Tag Archives: machine translation

How to translate ‘Cette phrase est en français’ ? (This sentence is in French) – updated

Let us consider the following French sentence: Le comté de Kronoberg est un comté suédois dont le nom signifie en français ‘Couronne de montagne’. It translates into Corsican: A cuntea di Kronoberg hè una cuntea svedese chì u so nome significheghja in francese ‘Curona di muntagna’. (The County of Kronoberg is a Swedish county whose name means in French ‘Mountain crown’.) But it should be translated more accurately as: A cuntea di Kronoberg hè una cuntea svedese situata in u sudu di u paese, è chì u so nome significheghja in corsu ‘Curona di muntagna’ since the words significheghja in francese (means in French) are utterly false.

Now a semantic difficulty is lurking whose core can be related to self-reference: How should we translate ‘Cette phrase est en français’ ? Self-reference stems here from ‘cette phrase’ (this sentence). Litterally, it translates into: This sentence is in French). But a sense-preserving translation would be: This sentence is in English).

A much complicated instance of self-reference within translation is as follows: ‘Cette phrase ne comprend que sept mots’ (This sentence contains only seven words). It translates into Corsican: ‘Ss’infrasata ùn cumprendi ch’è setti paroli. It is also true of the Corsican translation, but false of the English one, which includes only six words. Arguably, a better English translation, which is sense-preserving is then:
This sentence contains only six words. Such translation ability is currently beyond the scope of present MT. We can tag it as an ability that would be required from superintelligent MT. It would then include: identifying sef-referent parts of discourse, such as: this sentence, these words, this proposition, this paragraph, this text, … But not all self-referring discourse is concerned here. For example, the Liar paradox (this sentence is false) is irrelevant here, since we only place ourselves from the standpoint of MT. Interestingly, such superintelligent ability also requires some meta-knowledge, i.e. the language of the source text and of the target text. For a shift from the source language to the target language is needed here.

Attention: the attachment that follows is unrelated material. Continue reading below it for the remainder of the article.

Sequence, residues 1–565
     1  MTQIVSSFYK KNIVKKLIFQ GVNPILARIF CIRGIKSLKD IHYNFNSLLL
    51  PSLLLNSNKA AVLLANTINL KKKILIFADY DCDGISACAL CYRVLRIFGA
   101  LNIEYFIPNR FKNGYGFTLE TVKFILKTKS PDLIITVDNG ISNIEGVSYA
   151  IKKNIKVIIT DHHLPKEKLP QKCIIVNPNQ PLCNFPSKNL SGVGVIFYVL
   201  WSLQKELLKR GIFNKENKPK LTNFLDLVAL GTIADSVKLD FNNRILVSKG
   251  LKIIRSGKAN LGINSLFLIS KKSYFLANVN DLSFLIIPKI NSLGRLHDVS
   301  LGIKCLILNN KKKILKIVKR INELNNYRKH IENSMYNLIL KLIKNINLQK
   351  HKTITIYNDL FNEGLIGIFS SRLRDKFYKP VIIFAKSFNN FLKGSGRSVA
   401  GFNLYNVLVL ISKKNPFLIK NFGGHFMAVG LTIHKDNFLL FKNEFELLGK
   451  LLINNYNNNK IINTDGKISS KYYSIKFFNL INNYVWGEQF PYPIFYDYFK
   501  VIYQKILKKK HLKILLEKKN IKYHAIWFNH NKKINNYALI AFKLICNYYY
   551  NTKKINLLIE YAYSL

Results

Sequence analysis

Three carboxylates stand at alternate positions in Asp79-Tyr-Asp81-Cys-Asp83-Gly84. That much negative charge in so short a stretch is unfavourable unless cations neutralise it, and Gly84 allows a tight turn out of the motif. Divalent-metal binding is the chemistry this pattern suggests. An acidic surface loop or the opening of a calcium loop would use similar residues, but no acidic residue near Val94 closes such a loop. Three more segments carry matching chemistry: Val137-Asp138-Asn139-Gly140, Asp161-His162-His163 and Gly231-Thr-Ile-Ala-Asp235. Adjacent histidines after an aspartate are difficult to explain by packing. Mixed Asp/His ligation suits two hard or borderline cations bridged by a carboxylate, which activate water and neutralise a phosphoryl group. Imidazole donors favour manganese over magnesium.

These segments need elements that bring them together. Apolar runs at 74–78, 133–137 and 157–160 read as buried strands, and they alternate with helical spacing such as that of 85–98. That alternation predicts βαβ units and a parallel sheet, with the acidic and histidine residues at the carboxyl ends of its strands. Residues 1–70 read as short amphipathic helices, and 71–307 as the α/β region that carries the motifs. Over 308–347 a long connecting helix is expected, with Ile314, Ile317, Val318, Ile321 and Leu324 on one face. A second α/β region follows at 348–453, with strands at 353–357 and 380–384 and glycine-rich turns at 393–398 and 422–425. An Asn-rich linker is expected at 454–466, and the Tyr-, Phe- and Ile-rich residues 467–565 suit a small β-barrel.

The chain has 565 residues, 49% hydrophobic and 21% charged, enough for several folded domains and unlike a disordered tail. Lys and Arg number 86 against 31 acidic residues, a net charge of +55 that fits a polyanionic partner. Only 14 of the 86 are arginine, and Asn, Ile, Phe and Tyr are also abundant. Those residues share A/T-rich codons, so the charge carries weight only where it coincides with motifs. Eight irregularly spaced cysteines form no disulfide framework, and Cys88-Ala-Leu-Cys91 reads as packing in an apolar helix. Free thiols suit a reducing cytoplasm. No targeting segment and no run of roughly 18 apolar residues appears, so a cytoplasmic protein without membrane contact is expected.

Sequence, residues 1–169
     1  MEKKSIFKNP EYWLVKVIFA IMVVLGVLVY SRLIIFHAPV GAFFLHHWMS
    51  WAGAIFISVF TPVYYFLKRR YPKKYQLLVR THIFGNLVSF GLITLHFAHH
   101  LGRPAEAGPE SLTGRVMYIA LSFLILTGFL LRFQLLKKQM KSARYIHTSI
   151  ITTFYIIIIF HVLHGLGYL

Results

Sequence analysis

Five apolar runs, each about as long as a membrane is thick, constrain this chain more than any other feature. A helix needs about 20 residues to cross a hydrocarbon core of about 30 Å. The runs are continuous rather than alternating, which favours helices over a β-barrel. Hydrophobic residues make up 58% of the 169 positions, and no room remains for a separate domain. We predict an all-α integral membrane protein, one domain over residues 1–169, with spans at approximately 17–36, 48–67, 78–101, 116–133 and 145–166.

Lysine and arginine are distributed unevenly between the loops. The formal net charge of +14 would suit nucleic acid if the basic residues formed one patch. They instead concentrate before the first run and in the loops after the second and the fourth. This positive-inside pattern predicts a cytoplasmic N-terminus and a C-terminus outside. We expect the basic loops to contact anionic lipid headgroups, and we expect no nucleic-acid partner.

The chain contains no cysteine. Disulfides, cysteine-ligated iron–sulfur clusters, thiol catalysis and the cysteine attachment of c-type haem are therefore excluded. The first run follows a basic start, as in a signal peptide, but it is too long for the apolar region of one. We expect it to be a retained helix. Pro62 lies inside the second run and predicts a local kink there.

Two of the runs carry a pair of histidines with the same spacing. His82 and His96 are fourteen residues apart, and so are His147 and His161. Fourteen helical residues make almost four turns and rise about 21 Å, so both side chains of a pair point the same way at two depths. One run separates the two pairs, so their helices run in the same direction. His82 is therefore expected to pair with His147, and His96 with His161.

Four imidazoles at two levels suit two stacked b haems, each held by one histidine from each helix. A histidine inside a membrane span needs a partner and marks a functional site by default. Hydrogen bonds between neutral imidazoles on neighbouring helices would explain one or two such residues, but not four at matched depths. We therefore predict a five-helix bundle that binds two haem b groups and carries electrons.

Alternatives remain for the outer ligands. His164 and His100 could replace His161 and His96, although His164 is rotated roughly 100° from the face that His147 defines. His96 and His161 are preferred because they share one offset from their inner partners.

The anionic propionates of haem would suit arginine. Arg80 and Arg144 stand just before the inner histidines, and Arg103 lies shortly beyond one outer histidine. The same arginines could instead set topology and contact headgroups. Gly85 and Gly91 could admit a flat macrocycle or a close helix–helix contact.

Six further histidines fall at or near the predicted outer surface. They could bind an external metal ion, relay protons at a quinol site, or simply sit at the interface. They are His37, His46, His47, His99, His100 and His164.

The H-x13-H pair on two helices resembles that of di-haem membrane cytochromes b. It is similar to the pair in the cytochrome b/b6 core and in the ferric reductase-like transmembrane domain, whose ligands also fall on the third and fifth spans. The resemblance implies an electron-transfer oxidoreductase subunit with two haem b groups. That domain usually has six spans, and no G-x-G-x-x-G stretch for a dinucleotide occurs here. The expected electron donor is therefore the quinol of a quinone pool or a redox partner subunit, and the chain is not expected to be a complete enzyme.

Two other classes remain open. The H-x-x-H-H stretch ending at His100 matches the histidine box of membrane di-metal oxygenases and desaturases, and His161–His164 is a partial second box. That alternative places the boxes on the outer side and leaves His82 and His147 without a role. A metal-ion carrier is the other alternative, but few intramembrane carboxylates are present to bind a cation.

What is required from Artificial General Intelligence with regard to Machine Translation?

Illustration from www.pixabay.com

We will be interested in a series of posts to try to define what is required of an AGI (Artificial General Intelligence) in order to reach the level of superintelligence in MT (machine translation). (All this is highly speculative, but we shall give it a try.)
One of the difficulties that arise in machine translation relates to the translation of expressions. This leads us to mention one of the required skills of a superintelligence. It is the ability to identify an expression within a text in a given language and then to translate it into another language. Let us mention that expressions are of different types: verbal, nominal, adjectival, adverbial, … To fix the ideas we can focus here on verbal expressions. For example, the French expression ‘couper les cheveux en quatre’ (litterally, cut the hairs in four, i.e. to split hairs), which translates into Corsican language into either castrà i falchetti (litterally, to chastise the hawks) or castrà i cucchi (litterally, to chastise the cuckoos). In order to properly translate such an expression, a superintelligence must be able to:

  • identify ‘couper les cheveux en quatre’ as a verbal expression in a French corpus
  • identify castrà i falchetti as a verbal expression within a Corsican corpus
  • associate the two expressions as the proper translation of each other

It appears here that such an aptitude falls under the scope of AGI (Artificial general intelligence).

Superintelligent machine translation (updated)

Illustration from pixabay.com